Directions of high-energy neutrino detection events (red ellipses) and selected radio bright blazars (blue points), taken from Plavin et al. MNRAS 523, 1799 (2023)


Multi-messenger Studies of Extragalactic Super-colliders - ERC Advanced Grant
Principal Investigator: Prof. Dr. Yuri Y. Kovalev

April 11, 2024

The European Research Council (ERC) has awarded MPIfR scientist Prof. Dr. Yuri Kovalev a highly prestigious and competitive Advanced Grant of approximately 2.8 million euros under the Horizon Europe funding programme.

MuSES, which stands for Multi-messenger Studies of Energetic Sources, is a pioneering initiative in astrophysics. It is dedicated to the study of Active Galactic Nuclei (AGN), which are among the most powerful particle accelerators known in the cosmos. These celestial bodies harness the gravitational energy of matter accreted by supermassive black holes (SMBHs) and convert it into electromagnetic and kinetic energy, resulting in the production of highly relativistic electrons and protons.  

The production of these particles, particularly in the vicinity of SMBHs, is the subject of intense scientific investigation, and the precise mechanisms of their production remain a major puzzle within the astrophysical community. Electrons are mainly observed in jets whose acceleration and collimation processes are not yet fully understood. The acceleration of protons and its relation to neutrino production is even less understood, posing a formidable challenge to researchers.

MuSES aims to address these fundamental questions by exploiting recent advances in multi-messenger astronomy. The detection of a high-energy neutrino signal from the blazar TXS 0506+056 by the IceCube Neutrino Observatory has opened new avenues for AGN research. The primary goal of the project is to conduct a comprehensive study of these phenomena, focusing on the key aspects of proton acceleration, jet formation and collimation, and neutrino production within AGN.

To achieve these ambitious goals, MuSES will conduct observations across the electromagnetic spectrum, with an emphasis on high-resolution very-long-baseline interferometry and analysis of data from high-energy neutrino telescopes. The knowledge gained from this research will not only improve our understanding of AGN, but will also transform these objects into well-characterised cosmic laboratories. These laboratories will be able to probe physical conditions that are currently beyond the reach of terrestrial experiments, and will contribute significantly to our knowledge of the extreme energy processes in the Universe.

From the press release issued on April 11, 2024:

“We are very fortunate to enter the golden age of multimessenger astrophysics.” says Yuri Kovalev. “High-energy neutrinos are arriving from deep space, providing information about those mysterious machines in the universe that can accelerate massive protons almost to the speed of light.” For instance, the European KM3NeT facility in the Mediterranean Sea is rapidly being developed which will double the amount of neutrino data currently collected  by the American-led IceCube neutrino observatory.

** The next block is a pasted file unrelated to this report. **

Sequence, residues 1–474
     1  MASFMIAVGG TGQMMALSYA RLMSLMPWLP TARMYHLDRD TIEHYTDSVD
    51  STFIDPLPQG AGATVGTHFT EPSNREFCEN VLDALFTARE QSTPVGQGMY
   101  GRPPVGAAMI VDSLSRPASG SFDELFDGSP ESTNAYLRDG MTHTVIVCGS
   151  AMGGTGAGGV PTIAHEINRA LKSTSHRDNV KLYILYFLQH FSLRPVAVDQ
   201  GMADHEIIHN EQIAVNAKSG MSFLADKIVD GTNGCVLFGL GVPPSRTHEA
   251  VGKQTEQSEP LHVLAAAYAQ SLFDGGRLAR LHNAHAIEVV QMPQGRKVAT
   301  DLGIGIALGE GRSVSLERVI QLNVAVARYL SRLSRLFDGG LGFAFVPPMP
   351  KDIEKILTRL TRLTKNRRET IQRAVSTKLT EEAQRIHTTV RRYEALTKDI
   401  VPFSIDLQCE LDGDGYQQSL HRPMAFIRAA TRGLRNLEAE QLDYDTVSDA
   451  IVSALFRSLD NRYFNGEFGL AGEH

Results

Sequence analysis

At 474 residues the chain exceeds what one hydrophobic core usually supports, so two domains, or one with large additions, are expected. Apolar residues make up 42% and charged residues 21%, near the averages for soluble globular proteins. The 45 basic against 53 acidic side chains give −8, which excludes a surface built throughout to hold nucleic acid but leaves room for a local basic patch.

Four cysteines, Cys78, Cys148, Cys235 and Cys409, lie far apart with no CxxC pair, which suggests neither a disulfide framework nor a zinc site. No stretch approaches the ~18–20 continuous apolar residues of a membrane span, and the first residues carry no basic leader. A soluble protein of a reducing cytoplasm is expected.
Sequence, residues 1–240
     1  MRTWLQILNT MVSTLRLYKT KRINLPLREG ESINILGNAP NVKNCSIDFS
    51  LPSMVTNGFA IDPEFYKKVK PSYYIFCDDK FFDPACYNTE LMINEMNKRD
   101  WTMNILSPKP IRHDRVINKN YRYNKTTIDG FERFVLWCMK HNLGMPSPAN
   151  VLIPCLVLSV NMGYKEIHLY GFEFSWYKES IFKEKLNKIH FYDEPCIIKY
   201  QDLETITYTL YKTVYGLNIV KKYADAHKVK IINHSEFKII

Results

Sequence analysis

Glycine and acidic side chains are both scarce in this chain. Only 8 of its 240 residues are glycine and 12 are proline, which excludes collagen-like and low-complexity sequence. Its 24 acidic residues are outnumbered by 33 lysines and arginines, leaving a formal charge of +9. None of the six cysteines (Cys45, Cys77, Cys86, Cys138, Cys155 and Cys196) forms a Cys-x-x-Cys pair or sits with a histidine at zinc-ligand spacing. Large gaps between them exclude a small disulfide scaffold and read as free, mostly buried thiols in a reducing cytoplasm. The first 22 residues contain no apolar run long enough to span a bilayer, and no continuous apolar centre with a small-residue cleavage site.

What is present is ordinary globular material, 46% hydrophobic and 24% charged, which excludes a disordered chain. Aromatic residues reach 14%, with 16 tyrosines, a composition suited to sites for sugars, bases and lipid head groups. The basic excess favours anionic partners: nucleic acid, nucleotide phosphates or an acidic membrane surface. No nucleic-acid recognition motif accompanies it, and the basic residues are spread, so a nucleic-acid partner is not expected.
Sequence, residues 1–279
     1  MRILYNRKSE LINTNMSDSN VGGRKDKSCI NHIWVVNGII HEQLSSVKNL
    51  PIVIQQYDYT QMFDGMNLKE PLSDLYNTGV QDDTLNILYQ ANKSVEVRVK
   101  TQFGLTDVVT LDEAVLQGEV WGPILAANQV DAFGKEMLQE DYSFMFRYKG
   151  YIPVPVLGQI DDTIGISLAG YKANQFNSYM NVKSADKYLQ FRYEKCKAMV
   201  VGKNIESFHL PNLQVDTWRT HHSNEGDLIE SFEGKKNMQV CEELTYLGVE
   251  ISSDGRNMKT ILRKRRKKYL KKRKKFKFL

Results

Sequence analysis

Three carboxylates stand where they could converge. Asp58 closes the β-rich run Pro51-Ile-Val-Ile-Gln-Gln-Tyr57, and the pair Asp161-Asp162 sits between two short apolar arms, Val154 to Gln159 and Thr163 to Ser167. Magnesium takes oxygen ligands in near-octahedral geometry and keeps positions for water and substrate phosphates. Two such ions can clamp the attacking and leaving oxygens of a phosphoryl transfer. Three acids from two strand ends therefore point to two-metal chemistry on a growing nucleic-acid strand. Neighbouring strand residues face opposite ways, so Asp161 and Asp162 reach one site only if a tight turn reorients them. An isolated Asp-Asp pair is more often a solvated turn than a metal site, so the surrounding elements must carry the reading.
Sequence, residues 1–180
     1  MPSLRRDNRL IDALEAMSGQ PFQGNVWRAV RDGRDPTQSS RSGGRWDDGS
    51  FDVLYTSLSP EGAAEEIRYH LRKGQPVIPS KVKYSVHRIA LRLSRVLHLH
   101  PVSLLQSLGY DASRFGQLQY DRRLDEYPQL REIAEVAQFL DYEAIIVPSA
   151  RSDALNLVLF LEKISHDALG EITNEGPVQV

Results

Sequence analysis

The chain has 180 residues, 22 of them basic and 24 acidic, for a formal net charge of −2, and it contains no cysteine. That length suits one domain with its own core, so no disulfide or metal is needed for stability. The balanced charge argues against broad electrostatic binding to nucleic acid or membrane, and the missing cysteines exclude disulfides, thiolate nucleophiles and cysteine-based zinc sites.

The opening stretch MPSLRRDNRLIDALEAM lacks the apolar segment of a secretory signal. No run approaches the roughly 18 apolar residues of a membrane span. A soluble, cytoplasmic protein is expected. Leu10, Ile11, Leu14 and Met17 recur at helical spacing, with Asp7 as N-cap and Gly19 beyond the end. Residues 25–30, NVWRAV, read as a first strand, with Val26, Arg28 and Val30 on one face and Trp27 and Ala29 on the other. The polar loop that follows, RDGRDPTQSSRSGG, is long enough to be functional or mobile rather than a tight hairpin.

“We have found early evidence that active galaxies with relativistic jets could be these cosmic super-colliders. In the project, we will study these objects with extremely high angular resolution to see directly what happens in galactic nuclei during neutrino flares.”, adds Yuri Kovalev.

The research group to be formed by Professor Kovalev in MPIfR within the advanced ERC grant will utilize the sharpest available radio images in astronomy to directly image the sources of neutrino emission.  This is done using  the so-called very long baseline interferometry (VLBI) technique. This is currently the best tool astronomers have for studying galaxies and sub-parsec scales at distances of billions of light years.

He concludes: “This project will allow us to understand how energy is extracted from galactic nuclei and what mechanism is responsible for the production of cosmic rays.”

Professor Anton Zensus, Director a the Max Planck Institute for Radio Astronomy, is excited about the prospects for scientific collaboration within his team: “This prestigious ERC grant to Professor Kovalev for his MuSES project, will enable him to continue his world class astronomical research on violently active central regions of galaxies in the Universe. This project will perfectly complement my M2FINDERS initiative, also funded by the ERC, and together we expect to make major progress in designing advanced methods and experiments towards better understanding of these fascinating objects in the universe, such as the center of our own galaxy, the Milky Way."

Background information:  The European Research Council (ERC) has announced the names of 255 outstanding research leaders in Europe set to be awarded ERC Advanced Grants. The funding is amongst the EU’s most prestigious and competitive, providing leading senior researchers with the opportunity to pursue ambitious, curiosity-driven projects that could lead to major scientific breakthroughs. The new grants, worth in total nearly €652 million, are part of the EU’s Horizon Europe programme.

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